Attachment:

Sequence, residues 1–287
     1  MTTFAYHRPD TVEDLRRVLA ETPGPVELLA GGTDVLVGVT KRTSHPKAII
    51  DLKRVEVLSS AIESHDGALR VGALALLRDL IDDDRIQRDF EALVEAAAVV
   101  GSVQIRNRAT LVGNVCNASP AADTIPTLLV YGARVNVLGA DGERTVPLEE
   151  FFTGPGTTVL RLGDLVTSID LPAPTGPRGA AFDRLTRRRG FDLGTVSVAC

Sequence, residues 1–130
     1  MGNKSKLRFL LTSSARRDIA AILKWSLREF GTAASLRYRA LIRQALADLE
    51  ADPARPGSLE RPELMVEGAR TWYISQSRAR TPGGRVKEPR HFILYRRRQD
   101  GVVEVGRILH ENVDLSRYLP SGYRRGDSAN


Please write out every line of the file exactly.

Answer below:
Sequence, residues 1–287
     1  MTTFAYHRPD TVEDLRRVLA ETPGPVELLA GGTDVLVGVT KRTSHPKAII
    51  DLKRVEVLSS AIESHDGALR VGALALLRDL IDDDRIQRDF EALVEAAAVV
   101  GSVQIRNRAT LVGNVCNASP AADTIPTLLV YGARVNVLGA DGERTVPLEE
   151  FFTGPGTTVL RLGDLVTSID LPAPTGPRGA AFDRLTRRRG FDLGTVSVAC

Sequence, residues 1–130
     1  MGNKSKLRFL LTSSARRDIA AILKWSLREF GTAASLRYRA LIRQALADLE
    51  ADPARPGSLE RPELMVEGAR TWYISQSRAR TPGGRVKEPR HFILYRRRQD
   101  GVVEVGRILH ENVDLSRYLP SGYRRGDSAN